Spring (A Poem Written in the Earshot of Children)

Of course! Spring.
It jumps to mind–a forgotten name.
The spit-shined coin of Spring
turns up just where you had left it.

One morning you walk along
a sheeny fence at field’s edge
watching the cows munch
and realize
your jacket is still on its peg.

Suddenly unhunched cranes
drizzle their blue tassels
in warmer marsh.
Softening lumps of glacier drip dangled
from pine tips. Things have
woken from the pools
happy to be devoured.

The neighborhood’s voices
like goldfinches through tree fingers
quickening with resin. The sun rosins
his bow with saffron pollen, tunes the birds, smears muddy roads
in spilt honey.

Spring is shaking your elbow in the morning,
or throwing rocks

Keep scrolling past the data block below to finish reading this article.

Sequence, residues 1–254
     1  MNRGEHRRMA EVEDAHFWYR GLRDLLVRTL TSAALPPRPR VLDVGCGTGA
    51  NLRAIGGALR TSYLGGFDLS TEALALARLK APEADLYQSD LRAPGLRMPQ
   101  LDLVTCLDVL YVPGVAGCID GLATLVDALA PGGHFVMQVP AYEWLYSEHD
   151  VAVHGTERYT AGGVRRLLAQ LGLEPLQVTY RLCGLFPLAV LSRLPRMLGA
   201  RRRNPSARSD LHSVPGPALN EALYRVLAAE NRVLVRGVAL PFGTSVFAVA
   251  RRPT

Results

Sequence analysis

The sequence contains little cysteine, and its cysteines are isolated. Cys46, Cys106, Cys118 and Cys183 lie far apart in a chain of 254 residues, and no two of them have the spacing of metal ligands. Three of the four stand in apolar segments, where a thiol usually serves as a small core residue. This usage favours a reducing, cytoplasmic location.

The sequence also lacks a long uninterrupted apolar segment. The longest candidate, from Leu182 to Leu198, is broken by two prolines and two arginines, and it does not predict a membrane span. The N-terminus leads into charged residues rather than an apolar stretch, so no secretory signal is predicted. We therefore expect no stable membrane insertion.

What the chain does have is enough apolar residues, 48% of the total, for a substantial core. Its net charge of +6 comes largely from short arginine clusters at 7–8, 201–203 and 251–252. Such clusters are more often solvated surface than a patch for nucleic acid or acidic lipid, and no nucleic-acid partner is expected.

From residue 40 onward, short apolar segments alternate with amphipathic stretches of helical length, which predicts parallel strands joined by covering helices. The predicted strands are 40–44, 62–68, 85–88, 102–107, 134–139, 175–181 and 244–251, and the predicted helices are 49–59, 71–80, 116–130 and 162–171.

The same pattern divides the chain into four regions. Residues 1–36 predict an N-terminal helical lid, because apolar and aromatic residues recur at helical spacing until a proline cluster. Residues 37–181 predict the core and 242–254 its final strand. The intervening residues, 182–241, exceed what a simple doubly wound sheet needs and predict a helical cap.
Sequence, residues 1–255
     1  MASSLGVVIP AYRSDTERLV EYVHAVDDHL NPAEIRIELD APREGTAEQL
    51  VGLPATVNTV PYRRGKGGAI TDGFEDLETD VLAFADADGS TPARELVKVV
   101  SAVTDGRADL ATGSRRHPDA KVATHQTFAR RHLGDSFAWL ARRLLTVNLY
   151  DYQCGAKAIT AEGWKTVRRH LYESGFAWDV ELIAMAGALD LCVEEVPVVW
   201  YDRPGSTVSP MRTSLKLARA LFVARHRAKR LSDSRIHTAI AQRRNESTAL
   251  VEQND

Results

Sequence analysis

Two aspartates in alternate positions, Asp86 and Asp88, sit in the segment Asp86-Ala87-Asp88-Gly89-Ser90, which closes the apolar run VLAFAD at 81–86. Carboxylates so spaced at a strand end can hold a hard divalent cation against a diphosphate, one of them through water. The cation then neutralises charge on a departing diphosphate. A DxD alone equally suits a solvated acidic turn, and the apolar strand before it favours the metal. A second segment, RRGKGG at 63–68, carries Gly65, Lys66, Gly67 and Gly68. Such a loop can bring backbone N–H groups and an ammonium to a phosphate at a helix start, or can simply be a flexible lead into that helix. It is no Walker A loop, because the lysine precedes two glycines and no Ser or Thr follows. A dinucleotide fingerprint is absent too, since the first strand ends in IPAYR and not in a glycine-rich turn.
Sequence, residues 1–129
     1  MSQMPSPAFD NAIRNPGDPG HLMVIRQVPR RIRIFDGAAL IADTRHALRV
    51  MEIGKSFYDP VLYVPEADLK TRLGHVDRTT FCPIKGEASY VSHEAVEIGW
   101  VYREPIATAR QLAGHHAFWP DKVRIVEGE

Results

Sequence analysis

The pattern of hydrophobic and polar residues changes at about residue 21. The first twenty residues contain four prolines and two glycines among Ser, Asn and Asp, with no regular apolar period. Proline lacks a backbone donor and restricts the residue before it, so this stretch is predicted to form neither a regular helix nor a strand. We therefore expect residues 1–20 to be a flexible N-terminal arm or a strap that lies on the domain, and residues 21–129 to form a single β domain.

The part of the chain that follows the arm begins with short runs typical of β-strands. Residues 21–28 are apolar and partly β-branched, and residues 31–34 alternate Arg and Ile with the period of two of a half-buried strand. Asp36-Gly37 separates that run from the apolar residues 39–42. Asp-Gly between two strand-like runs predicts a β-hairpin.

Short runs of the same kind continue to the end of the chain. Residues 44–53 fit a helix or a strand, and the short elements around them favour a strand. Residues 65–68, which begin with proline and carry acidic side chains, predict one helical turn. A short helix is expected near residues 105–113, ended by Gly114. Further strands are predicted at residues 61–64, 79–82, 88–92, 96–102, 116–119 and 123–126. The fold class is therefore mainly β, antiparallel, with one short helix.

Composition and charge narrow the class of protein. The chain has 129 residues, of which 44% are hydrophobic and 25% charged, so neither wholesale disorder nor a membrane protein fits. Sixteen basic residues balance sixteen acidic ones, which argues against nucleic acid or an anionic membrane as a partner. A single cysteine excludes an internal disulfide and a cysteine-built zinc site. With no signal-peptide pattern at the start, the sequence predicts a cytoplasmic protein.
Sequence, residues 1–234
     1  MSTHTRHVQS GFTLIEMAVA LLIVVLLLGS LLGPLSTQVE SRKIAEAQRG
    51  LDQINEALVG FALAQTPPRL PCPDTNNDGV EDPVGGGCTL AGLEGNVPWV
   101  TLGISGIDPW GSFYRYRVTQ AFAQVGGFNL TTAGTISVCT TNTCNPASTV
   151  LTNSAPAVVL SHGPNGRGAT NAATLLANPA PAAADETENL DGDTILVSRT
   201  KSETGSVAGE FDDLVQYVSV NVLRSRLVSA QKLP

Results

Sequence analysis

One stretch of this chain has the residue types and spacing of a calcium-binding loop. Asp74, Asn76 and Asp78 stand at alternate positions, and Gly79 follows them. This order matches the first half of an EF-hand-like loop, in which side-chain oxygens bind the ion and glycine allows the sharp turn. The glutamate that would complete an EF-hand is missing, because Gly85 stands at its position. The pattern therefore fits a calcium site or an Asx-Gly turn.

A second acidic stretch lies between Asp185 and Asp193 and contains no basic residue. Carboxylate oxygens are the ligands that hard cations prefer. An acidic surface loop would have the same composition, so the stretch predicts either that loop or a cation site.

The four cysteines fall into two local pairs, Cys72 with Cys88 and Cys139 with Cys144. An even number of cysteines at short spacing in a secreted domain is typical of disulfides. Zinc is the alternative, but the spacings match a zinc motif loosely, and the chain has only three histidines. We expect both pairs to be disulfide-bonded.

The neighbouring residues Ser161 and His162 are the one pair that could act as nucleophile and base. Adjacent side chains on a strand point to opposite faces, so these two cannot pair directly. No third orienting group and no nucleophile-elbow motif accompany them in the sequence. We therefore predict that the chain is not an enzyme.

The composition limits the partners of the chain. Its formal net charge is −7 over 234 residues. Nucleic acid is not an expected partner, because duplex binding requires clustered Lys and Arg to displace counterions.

at your window.
It arrives like your cousin fresh from a growth spurt
with her ankles showing,
strong, deliberate,
the first ant claiming the arctic
of the kitchen counter.

This entry was posted in Poetry and tagged , , , , , by A. Miller. Bookmark the permalink.

About A. Miller

ALEX MILLER JR. is a staff writer for The Curator and the co-author of A Bow From My Shadow, a collection of poems written in dialogue with Luke Irwin. His essays and poems have appeared in The Conversation, Transpositions, Pif, The Curator, The Denver Syntax, Lake Effect, and ken*again. He is an adjunct professor of Western literature at Gordon College in Wenham, Mass., and high school English and Rhetoric teacher. He lives in Beverly, Mass. You can follow him on Twitter: @miller_jr.

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